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Phelps v. Colvin

United States District Court, Middle District of Georgia, Macon Division

August 5, 2014

CAROLYN W. COLVIN, Acting Commissioner of Social Security, Defendant.

Social Security Appeal


Charles H. Weigle, United States Magistrate Judge

This is a review of a final decision of the Commissioner of Social Security denying Plaintiff Gregory Phelps’ application for benefits. In accordance with the analysis below, it is RECOMMENDED that the Commissioner’s decision be AFFIRMED.


Plaintiff filed an application for Title XVI benefits on March 18, 2010. (Pl.’s Br., Doc. 12, p. 3). At the time of filing, Plaintiff, who was born on July 7, 1962, was 47 years old. (Id.). Plaintiff claims to see and hear dead people. (R. 53-62). Plaintiff also suffers from headaches, is illiterate, and has a history of substance abuse. (R. 46, 57-58, 60).

The record indicates that Plaintiff previously received social security benefits due to mild mental retardation, but those benefits appear to have been terminated when Plaintiff was incarcerated for burglary in the 1980s.[1] (R. 39-42, 296). The administrative law judge (“ALJ”) assigned to review Plaintiff’s 2010 application summarized the sequence of events as follows at a hearing held on February 23, 2012:

[T]here was a Title XVI claim filed, application 3/12/1975. And there was a decision for an allowance and so that payment was from 7/17/1975 until March 18, 1986. And that was a date of incarceration is the way it looked like to me. There was another Title XVI application, 11/3/88 and that was denied at the initial level in 1989. And then there was an application, 7/3/2004 which was also denied at the initial level . . . .

Plaintiff’s attorney, at Plaintiff’s administrative hearing, asked the ALJ to obtain Plaintiff’s prior claim files in the hopes of finding an IQ satisfying the requirements of Listing 12.05 (“Intellectual disability”), paragraphs B or C. (R. 41). The ALJ, however, in her unfavorable decision, determined that while “the earlier records might show a low IQ score as a child, this would not be evidence of current IQ functioning under the regulations.” (R. 23). Plaintiff subsequently sought review before the Appeals Council, which denied review in Plaintiff’s case on March 4, 2013. (R. 1-3). Plaintiff now seeks review before this Court under “sentence four” of 42 U.S.C. § 405(g). Ingram v. Comm’r., 496 F.3d 1253 (11th Cir. 2007). She raises two grounds for relief (1) that the ALJ erred by failing to obtain Plaintiff’s 1975 Title XVI claims files; and (2) that the ALJ improperly relied upon the opinion of Dr. Robbins-Brinson, a consultative examiner.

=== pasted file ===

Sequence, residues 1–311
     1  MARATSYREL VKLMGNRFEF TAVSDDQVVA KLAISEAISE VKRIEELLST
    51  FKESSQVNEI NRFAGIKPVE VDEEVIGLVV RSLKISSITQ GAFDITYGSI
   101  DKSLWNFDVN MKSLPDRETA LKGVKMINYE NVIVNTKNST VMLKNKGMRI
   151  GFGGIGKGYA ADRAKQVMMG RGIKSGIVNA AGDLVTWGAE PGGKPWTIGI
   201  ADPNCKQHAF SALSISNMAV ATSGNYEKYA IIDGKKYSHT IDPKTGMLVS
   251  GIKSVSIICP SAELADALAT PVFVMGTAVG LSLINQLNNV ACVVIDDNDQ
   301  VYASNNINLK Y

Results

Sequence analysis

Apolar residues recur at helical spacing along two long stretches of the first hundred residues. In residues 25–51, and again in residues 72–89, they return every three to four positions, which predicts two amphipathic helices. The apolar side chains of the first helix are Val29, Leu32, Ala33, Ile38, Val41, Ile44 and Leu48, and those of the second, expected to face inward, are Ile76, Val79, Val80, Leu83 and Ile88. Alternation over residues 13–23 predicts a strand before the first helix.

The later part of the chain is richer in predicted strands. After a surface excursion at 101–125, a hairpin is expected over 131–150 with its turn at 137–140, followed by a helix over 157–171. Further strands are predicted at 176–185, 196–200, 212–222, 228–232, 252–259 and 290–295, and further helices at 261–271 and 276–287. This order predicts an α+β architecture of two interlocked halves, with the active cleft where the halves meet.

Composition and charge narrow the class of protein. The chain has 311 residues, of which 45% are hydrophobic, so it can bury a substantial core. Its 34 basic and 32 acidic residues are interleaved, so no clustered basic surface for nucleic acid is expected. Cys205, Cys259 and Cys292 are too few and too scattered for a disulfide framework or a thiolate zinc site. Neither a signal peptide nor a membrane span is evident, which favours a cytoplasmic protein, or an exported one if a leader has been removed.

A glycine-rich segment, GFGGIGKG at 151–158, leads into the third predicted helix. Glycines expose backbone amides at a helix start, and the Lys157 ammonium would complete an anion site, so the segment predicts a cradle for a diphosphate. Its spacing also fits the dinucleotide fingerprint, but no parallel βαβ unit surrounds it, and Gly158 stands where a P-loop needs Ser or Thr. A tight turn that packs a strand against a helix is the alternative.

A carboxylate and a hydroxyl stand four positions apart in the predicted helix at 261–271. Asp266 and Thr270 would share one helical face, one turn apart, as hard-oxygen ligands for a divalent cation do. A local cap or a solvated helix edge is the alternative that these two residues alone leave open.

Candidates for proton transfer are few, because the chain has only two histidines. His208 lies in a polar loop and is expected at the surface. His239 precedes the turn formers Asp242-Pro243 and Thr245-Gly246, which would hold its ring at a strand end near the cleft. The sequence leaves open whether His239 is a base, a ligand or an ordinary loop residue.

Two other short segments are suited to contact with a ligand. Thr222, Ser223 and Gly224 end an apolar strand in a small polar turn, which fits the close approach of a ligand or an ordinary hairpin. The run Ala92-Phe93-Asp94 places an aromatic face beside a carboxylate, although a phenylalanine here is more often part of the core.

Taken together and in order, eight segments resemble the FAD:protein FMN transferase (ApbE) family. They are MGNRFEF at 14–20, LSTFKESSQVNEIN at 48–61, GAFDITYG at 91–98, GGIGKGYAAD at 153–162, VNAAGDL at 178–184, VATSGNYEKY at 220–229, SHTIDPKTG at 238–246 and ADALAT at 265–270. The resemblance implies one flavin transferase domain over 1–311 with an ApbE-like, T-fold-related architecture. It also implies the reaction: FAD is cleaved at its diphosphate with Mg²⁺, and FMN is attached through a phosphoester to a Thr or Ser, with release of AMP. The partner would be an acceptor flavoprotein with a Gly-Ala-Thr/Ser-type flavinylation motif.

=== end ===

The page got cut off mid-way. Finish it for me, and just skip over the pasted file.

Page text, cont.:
District courts have a limited role in reviewing claims brought under the Social Security Act. Review of the Commissioner’s decision is restricted to a determination of whether the decision is supported by substantial evidence and whether the correct legal standards were applied. Walker v. Bowen, 826 F.2d 996, 1000 (11th Cir. 1987). Substantial evidence is defined as more than a scintilla and means such relevant evidence as a reasonable mind might accept as adequate to support a conclusion. Richardson v. Perales, 402 U.S. 389, 401 (1971). Consequently, a court’s role in reviewing claims brought under the Social Security Act is quite narrow.

District courts must defer to the Commissioner’s factual findings. Courts may not decide facts, re-weigh evidence, nor substitute their judgment for that of the Commissioner. Bloodsworth v. Heckler, 703 F.2d 1233, 1239 (11th Cir. 1983). Credibility determinations are left to the Commissioner and not to the courts. Carnes v. Sullivan, 936 F.2d 1215, 1219 (11th Cir. 1991). It is also up to the Commissioner and not to the courts to resolve conflicts in the evidence. Wheeler v. Heckler, 784 F.2d 1073, 1075 (11th Cir. 1986). See also Graham v. Bowen, 790 F.2d 1572, 1575 (11th Cir. 1986). Courts must scrutinize the entire administrative record to determine the reasonableness of the Commissioner’s factual findings. Bloodsworth, 703 F.2d at 1239. However, even if the evidence preponderates against the Commissioner’s decision, the decision must be affirmed if it is supported by substantial evidence. Id.

The Commissioner’s findings of law are given less deference. Courts must determine if the Commissioner applied the proper standards in reaching a decision. Harrell v. Harris, 610 F.2d 355, 359 (5th Cir. 1980). Courts must therefore consider any questions of law de novo, and “no . . . presumption of validity attaches to the [Commissioner’s] conclusions of law, including determinations of the proper standards to be applied in reviewing claims.” Wiggins v. Schweiker, 679 F.2d 1387, 1389 (11th Cir. 1982). The Commissioner’s failure to apply the correct legal standards or to provide a sufficient factual basis for the court to determine that the correct legal standards have been followed is grounds for reversal. Id.


Persons are “disabled” for the purposes of receiving benefits under the Social Security Act if they are unable to engage in any substantial gainful activity due to a medically determinable physical or mental impairment which is expected to result in death or which has lasted or is expected to last ...

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